Howard Bragman on Personal Branding
Howard Bragman is Hollywood's premier public relations professional. He founded Bragman Nyman Cafarelli Public Relations and Marketing (BNC) in 1989. The Company is one of the most respected public relations agencies in the United States with billings of more than $15 million annually and a blue-chip client roster of celebrities, consumer products and events. In 2001 BNC was purchased by Interpublic, one of the world's largest holding companies for marketing companies. He founded a strategic media and public relations agency, Fifteen Minutes, in 2005.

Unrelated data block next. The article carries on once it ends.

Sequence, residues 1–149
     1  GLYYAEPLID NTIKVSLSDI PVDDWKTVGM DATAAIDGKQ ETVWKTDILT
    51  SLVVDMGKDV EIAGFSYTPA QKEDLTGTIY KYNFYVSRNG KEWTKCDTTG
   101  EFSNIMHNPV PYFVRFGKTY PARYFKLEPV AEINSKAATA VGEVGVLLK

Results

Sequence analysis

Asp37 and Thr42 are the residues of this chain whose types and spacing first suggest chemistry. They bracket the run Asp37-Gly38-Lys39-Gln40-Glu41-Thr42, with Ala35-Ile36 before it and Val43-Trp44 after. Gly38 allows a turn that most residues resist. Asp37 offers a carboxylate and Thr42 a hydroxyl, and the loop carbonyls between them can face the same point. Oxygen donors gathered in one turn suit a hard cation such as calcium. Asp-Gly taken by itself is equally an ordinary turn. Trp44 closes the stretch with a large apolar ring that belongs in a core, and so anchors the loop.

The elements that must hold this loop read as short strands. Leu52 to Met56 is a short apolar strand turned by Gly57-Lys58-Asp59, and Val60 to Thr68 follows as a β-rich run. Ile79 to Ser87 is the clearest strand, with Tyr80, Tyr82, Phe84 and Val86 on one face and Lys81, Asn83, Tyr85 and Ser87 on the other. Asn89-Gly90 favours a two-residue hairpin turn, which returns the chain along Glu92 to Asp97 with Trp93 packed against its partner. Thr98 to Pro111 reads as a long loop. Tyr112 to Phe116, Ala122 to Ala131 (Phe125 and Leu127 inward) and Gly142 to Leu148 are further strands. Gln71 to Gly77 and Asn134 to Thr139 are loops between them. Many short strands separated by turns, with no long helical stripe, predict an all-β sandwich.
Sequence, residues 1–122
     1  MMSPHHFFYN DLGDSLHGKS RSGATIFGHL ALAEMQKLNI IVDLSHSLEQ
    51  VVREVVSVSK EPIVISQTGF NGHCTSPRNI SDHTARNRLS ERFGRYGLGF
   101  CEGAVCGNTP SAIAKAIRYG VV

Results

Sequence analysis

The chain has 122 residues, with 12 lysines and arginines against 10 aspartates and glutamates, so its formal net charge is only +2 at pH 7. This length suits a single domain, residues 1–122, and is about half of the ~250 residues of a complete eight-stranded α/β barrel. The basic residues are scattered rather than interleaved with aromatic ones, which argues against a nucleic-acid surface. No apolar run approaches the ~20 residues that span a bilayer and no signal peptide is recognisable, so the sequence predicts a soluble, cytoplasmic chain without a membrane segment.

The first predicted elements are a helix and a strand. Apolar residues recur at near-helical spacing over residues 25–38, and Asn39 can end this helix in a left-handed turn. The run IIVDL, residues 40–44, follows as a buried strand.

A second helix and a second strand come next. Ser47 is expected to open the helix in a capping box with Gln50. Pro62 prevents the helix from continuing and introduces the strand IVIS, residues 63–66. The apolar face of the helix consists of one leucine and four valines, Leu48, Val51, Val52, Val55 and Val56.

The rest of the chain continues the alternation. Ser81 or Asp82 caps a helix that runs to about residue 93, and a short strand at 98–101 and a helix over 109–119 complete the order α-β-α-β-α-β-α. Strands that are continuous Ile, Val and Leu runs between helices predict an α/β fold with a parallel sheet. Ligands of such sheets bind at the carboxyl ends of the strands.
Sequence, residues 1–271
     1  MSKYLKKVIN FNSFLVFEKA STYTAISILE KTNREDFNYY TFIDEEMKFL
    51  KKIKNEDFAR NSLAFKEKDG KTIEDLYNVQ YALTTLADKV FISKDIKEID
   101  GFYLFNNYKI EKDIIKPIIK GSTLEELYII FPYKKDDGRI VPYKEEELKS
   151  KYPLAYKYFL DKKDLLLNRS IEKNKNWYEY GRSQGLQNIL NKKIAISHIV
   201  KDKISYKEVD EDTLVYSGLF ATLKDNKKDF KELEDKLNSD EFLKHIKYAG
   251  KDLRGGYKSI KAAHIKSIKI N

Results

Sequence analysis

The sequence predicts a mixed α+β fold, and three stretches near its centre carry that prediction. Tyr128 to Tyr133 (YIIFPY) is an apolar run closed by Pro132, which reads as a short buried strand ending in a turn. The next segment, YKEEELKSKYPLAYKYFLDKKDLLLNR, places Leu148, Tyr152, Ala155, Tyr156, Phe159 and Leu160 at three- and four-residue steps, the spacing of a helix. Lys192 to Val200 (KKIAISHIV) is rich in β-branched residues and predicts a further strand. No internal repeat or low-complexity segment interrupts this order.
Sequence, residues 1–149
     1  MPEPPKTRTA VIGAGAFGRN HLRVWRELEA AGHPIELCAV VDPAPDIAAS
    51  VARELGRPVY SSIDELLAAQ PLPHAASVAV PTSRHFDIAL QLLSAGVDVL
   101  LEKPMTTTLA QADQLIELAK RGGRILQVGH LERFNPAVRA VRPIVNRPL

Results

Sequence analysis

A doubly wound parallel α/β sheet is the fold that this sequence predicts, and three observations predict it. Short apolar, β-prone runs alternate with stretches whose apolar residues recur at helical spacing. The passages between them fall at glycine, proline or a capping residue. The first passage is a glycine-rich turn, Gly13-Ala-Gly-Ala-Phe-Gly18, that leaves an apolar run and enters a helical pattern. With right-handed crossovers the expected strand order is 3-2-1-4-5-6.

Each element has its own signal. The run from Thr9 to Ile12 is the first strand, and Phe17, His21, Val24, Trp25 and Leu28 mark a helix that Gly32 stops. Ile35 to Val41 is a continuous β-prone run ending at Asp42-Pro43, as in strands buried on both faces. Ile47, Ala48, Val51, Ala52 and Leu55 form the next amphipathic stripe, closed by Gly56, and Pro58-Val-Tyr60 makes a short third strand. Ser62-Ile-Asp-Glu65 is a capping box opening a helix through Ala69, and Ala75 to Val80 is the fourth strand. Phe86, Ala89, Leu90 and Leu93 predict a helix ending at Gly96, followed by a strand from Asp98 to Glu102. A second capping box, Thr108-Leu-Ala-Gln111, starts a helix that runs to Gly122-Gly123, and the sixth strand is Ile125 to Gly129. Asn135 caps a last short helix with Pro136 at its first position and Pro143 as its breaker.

Bragman is a nationally respected crisis counselor and has provided litigation support for a significant number of high-profile cases and individuals. These include: Joseph Steffan who was kicked out of the US Naval Academy for his sexual orientation; The Lewinsky Family; and Sharon Smith in Smith v. Knoller, a high-profile civil rights and justice trial involving a tragic dog mauling death. Bragman was also an adjunct professor of Public Relations at the University of Southern California's Annenberg School for Communications for six years and has been honored for his teaching excellence by his students and the University. Bragman has written articles for publications including: Advertising Age, The Advocate, The Los Angeles Times and Playboy. A frequent television guest on issues involving the entertainment industry and popular culture, Bragman has appeared on local and network news programs more than 100 times. He has been a featured speaker for numerous groups including The US Conference of Mayors; The UJC Youth Congress; and many others. He is also the author of Where's My Fifteen Minutes?: Get Your Company, Your Cause, or Yourself the Recognition You Deserve.